Prevalence and causes of blindness and low vision in Timor-Leste

Type Journal Article - British Journal of Ophthalmology
Title Prevalence and causes of blindness and low vision in Timor-Leste
Volume 91
Issue 9
Publication (Day/Month/Year) 2007
Page numbers 1117-1121
Aim: To estimate the prevalence and causes of blindness and low vision in people aged >40 years in TimorLeste.
Method: A population-based cross-sectional survey using multistage cluster random sampling to identify 50
clusters of 30 people. A cause of vision loss was determined for each eye presenting with visual acuity worse
than 6/18.
Results: Of 1470 people enumerated, 1414 (96.2%) were examined. The age, gender and domicile-adjusted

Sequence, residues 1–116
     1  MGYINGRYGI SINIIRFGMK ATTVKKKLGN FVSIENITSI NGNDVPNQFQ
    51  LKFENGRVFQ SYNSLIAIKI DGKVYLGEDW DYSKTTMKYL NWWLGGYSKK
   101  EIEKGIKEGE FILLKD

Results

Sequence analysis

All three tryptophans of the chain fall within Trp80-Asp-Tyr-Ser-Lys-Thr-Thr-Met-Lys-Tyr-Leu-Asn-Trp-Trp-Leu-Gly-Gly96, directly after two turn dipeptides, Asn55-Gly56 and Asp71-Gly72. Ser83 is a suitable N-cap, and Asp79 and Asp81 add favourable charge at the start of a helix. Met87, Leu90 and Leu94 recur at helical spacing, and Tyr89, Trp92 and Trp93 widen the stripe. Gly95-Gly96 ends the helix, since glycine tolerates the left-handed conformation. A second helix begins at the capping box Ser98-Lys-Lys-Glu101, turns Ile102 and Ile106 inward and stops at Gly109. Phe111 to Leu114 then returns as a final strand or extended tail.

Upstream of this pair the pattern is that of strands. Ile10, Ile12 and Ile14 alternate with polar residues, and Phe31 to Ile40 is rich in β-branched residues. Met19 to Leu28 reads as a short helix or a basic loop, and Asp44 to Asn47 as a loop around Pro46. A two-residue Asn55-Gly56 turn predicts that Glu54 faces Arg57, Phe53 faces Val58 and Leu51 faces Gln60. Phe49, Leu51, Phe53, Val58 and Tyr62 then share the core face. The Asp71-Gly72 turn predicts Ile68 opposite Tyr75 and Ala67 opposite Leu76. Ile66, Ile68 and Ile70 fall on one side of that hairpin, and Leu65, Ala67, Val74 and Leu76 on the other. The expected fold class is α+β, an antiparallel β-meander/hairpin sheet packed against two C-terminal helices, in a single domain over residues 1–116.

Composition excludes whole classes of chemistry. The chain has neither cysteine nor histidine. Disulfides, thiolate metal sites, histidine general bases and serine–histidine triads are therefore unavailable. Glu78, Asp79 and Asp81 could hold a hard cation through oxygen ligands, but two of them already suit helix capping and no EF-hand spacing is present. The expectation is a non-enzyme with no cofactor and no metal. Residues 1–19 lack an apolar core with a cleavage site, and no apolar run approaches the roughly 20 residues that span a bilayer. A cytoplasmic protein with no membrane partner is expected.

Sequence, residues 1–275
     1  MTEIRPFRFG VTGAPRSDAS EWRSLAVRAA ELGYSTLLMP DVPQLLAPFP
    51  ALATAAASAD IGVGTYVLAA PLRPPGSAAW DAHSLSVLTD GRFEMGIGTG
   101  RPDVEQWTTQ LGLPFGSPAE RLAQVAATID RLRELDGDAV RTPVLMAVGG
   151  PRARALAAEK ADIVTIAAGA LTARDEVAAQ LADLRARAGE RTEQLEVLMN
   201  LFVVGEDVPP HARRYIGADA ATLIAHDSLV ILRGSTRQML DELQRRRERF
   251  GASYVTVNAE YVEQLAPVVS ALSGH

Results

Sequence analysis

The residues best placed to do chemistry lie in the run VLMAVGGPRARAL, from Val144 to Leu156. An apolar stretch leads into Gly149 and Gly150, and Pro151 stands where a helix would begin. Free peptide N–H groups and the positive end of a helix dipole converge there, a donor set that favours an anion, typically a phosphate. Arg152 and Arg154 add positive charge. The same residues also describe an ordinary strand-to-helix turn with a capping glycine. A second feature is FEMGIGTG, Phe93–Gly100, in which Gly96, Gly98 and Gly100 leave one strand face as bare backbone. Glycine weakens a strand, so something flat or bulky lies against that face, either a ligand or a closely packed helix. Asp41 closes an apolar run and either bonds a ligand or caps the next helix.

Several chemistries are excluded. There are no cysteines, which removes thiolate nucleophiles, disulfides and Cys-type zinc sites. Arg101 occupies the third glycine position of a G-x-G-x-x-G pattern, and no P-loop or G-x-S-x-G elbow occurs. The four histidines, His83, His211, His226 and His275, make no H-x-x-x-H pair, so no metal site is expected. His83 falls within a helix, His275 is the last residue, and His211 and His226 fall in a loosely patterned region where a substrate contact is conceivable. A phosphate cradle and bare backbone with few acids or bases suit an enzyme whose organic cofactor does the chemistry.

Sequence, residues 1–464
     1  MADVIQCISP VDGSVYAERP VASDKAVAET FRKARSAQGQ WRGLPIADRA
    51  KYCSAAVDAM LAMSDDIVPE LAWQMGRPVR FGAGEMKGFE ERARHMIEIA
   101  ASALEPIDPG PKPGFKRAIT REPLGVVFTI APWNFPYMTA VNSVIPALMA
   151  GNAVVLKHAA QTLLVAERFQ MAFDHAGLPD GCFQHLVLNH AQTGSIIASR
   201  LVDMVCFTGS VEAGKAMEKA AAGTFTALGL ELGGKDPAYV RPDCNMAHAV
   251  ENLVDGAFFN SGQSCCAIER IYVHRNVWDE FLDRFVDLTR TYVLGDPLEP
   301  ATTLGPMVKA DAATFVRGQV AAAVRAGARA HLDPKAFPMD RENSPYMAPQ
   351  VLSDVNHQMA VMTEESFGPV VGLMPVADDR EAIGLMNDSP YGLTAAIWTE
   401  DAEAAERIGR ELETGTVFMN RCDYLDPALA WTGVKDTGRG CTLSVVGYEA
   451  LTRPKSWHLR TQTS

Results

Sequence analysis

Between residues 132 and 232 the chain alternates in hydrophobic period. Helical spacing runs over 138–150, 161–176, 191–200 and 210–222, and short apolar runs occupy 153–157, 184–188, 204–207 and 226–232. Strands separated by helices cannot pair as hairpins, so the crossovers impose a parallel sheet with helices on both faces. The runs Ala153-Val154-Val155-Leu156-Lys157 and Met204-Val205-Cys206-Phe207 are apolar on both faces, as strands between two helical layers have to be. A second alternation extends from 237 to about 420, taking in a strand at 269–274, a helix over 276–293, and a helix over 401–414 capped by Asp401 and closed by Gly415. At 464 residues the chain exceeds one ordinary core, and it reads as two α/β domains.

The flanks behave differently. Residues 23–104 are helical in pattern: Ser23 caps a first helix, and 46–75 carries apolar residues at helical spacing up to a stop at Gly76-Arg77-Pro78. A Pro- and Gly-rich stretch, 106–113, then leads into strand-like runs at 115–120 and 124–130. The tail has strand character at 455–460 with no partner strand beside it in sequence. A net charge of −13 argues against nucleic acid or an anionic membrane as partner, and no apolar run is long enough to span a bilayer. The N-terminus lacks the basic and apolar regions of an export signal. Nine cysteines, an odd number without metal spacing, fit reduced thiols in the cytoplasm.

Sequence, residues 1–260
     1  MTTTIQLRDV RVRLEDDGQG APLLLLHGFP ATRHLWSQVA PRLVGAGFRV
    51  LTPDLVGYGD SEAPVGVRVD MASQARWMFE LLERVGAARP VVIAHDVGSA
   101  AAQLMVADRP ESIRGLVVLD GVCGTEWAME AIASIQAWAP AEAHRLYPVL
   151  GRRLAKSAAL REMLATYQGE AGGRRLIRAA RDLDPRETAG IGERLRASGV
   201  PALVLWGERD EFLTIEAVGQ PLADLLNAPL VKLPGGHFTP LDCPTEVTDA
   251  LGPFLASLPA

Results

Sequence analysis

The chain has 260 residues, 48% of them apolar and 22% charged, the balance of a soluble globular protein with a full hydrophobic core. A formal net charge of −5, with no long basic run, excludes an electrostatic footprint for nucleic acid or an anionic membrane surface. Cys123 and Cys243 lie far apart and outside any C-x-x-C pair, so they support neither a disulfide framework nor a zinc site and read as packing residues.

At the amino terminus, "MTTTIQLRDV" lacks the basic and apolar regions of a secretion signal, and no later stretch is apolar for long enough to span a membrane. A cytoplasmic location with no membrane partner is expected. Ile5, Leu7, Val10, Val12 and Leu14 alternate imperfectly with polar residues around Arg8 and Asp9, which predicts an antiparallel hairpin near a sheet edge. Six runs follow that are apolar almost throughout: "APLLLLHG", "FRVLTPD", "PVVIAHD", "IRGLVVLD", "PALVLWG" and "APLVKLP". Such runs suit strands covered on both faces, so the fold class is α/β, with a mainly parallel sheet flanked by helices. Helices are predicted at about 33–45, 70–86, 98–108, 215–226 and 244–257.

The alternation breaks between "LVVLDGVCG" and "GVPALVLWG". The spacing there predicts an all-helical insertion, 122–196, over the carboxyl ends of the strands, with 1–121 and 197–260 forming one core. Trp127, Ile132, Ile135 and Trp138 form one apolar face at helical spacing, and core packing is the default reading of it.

prevalence of functional blindness (presenting vision worse than 6/60 in the better eye) was 7.4% (95% CI
6.1 to 8.8), and for blindness at 3/60 was 4.1% (95% CI 3.1 to 5.1). The adjusted prevalence for low vision
(better eye presenting vision of 6/60 or better, but worse than 6/18) was 17.7% (95% CI 15.7 to 19.7).
Gender was not a risk factor for blindness or low vision, but increasing age, illiteracy, subsistence farming,
unemployment and rural domicile were risk factors for both. Cataract was the commonest cause of blindness
(72.9%) and an important cause of low vision (17.8%). Uncorrected refractive error caused 81.3% of low
Conclusion: Strategies that make good-quality cataract and refractive error services available, affordable
and accessible, especially in rural areas, will have the greatest impact on vision impairment.

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